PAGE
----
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Impact of Nutritional Changes on Nonalcoholic Fatty Liver Disease

Carolina M. Perdomo
Gema Frühbeck
1,2 and
Javier Escalada
Department of Endocrinology and Nutrition, Clínica Universidad de Navarra, 31008 Pamplona, Spain
CIBER Fisiopatología de la Obesidad y Nutrición (CIBERobn), ISCIII, 28029 Madrid, Spain
Author to whom correspondence should be addressed.
Nutrients 2019, 11(3), 677;
Submission received: 28 February 2019 / Revised: 15 March 2019 / Accepted: 16 March 2019 / Published: 21 March 2019
(This article belongs to the Special Issue Liver, Oxidative Stress and Metabolic Syndromes)


Non-alcoholic fatty liver disease (NAFLD) is a major global health threat due to its growing incidence and prevalence. It is becoming the leading cause of liver disease in addition to its strong association with cardio-metabolic disease. Therefore, its prevention and treatment are of strong public interest. Therapeutic approaches emphasize lifestyle modifications including physical activity and the adoption of healthy eating habits that intend to mainly control body weight and cardio-metabolic risk factors associated with the metabolic syndrome. Lifestyle interventions may be reinforced by pharmacological treatment in advanced stages, though there is still no registered drug for the specific treatment of NAFLD. The purpose of this review is to assess the evidence available regarding the impact of dietary recommendations against NAFLD, highlighting the effect of macronutrient diet composition and dietary patterns in the management of NAFLD.

1. Introduction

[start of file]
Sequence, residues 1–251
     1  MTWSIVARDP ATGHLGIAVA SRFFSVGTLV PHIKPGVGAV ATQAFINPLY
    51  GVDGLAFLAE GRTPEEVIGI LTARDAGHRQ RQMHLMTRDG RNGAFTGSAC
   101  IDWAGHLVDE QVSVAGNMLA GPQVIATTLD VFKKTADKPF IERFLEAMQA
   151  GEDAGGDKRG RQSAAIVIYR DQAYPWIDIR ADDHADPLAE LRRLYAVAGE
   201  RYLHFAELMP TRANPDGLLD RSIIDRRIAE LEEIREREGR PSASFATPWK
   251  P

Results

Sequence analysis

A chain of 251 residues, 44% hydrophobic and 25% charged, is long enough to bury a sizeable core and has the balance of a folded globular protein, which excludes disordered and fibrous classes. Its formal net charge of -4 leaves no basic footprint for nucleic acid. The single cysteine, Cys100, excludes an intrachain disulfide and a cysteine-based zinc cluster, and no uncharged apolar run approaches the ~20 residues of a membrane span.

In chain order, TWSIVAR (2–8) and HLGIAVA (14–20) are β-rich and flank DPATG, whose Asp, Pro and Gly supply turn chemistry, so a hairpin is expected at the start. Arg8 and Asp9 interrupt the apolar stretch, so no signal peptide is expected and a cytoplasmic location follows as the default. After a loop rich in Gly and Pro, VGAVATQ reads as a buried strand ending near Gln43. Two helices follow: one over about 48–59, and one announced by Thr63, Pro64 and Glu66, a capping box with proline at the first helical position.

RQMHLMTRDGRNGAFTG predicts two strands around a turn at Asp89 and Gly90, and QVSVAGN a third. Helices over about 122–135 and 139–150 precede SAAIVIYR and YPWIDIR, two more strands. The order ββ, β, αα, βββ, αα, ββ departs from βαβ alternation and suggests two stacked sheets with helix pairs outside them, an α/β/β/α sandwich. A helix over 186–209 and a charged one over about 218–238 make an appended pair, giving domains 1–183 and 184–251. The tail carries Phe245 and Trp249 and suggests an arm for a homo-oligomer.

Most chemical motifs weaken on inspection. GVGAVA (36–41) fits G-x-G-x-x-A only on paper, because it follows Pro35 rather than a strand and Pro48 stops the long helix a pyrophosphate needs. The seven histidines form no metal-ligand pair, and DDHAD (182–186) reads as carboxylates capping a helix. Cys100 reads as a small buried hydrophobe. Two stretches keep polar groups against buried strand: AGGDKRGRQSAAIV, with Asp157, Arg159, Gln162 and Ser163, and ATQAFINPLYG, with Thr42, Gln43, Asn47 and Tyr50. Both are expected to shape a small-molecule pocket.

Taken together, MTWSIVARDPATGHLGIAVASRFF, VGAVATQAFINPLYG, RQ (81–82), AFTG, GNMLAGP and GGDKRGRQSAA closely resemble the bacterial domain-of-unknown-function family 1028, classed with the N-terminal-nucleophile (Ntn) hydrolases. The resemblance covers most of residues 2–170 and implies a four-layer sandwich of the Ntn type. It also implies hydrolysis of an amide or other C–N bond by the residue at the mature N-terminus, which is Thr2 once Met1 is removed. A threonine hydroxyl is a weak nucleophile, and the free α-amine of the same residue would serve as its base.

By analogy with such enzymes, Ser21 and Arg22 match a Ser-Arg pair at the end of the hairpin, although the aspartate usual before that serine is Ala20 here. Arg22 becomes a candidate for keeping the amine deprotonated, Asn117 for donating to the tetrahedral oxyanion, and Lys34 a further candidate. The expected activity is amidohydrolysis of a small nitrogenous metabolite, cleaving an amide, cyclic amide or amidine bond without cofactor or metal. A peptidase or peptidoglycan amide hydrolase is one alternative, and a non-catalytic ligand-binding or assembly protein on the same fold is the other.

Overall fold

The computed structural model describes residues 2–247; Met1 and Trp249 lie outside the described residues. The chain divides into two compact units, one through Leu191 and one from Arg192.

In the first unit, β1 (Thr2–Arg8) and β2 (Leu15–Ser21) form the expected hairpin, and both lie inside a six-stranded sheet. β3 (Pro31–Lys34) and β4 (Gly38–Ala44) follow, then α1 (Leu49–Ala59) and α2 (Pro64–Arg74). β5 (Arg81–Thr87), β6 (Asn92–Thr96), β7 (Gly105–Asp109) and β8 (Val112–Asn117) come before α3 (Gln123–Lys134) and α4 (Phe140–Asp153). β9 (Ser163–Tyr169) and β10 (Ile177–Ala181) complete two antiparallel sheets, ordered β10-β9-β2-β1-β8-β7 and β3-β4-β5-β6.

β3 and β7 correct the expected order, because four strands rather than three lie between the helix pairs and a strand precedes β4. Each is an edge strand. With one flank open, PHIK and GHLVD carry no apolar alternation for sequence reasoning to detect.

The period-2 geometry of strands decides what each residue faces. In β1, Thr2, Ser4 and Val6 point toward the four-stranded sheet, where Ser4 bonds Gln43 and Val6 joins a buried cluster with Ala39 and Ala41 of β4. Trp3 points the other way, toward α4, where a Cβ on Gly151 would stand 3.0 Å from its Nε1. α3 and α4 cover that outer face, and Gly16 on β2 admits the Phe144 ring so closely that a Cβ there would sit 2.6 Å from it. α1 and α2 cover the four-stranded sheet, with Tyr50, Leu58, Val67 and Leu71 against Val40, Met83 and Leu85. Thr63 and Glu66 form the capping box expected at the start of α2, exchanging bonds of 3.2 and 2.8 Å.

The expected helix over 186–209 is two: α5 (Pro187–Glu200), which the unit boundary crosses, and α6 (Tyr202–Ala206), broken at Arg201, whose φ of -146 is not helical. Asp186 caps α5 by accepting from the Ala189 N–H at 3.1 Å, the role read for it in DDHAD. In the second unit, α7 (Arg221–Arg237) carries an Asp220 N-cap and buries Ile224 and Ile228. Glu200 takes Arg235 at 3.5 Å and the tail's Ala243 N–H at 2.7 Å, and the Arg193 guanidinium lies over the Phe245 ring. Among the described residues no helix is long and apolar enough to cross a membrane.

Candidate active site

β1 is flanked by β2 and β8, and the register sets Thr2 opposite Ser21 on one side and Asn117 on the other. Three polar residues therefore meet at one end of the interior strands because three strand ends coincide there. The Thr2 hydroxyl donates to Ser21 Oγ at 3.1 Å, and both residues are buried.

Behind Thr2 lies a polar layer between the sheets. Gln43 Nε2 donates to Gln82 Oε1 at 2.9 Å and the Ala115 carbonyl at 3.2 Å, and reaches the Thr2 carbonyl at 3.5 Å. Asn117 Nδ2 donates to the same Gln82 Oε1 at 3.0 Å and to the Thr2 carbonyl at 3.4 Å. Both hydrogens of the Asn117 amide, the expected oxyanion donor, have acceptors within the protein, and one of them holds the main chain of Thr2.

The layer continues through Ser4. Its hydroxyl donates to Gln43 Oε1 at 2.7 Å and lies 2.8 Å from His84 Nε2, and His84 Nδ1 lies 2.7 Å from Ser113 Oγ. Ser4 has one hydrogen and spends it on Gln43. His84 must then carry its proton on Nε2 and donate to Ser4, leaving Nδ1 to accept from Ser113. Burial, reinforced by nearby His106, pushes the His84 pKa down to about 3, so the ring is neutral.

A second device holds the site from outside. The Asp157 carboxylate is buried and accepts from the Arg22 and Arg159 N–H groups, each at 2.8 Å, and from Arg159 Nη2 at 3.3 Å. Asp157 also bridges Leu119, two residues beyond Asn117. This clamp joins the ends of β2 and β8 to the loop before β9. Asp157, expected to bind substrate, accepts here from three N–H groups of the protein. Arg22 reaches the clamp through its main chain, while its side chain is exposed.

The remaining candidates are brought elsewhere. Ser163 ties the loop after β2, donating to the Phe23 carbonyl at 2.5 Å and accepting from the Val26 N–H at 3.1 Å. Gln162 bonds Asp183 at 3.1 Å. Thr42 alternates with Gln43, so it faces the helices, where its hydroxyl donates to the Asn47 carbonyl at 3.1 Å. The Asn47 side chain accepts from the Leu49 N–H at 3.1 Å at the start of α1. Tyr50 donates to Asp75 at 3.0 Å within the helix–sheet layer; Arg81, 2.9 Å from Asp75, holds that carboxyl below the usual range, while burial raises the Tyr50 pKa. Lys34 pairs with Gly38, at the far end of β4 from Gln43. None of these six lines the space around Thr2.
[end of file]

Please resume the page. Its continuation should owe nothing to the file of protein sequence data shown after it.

Non-alcoholic fatty liver disease (NAFLD) results from hepatic fat accumulation (>5% of liver weight), which is not due to excess alcohol consumption, autoimmune, infectious or other established liver diseases [1,2]. NAFLD can exist as pure steatosis, steatosis with mild lobular inflammation, non-alcoholic steatohepatitis (NASH) and hepatocellular carcinoma. In addition to the degree of fibrosis, in the liver biopsy NASH is classified as mild fibrosis (F0–F1), significant fibrosis (≥F2), advanced fibrosis (≥F3, bridging) and cirrhosis (F4). No accurate data exist on the incidence of NAFLD [3]. The worldwide prevalence of NAFLD ranges between 8–45%. In North America and Europe, it is estimated to range from 25–34% and, in Asia, between 15–20%. The highest prevalence is described in the Middle East and South America. However, in certain subpopulations (i.e., obesity, type 2 diabetes [T2D]) the estimated prevalence of NAFLD is significantly higher, ranging from 43–92%. When compared to the general population, patients with NAFLD have higher mortality from both liver and non-liver-related causes. They are at increased risk for cardiovascular diseases [4], T2D and chronic kidney disease [2]. NAFLD is currently ranked as the second most common cause of liver transplantation and is predicted to become the first in Western countries [3]. Additionally, NAFLD is the second most common cause of hepatocellular carcinoma. Therefore, NAFLD is a major global health threat; its prevention and treatment represent a mounting challenge in health services. Therapeutic approaches focus on lifestyle modification [5]. Diet and exercise interventions remain as the first line of therapy, aiming mainly at controlling body weight and cardio-metabolic risk factors related to metabolic syndrome. In the early stages of NAFLD, a healthy diet and weight loss of at least 7% might be sufficient [4]. In more advanced stages, high genetic risk or, in the presence of diabetes, intensified lifestyle intervention reinforced by pharmacological treatment might be necessary, though there is still no registered drug for the treatment of NAFLD. This review assesses the evidence available for dietary recommendations against NAFLD.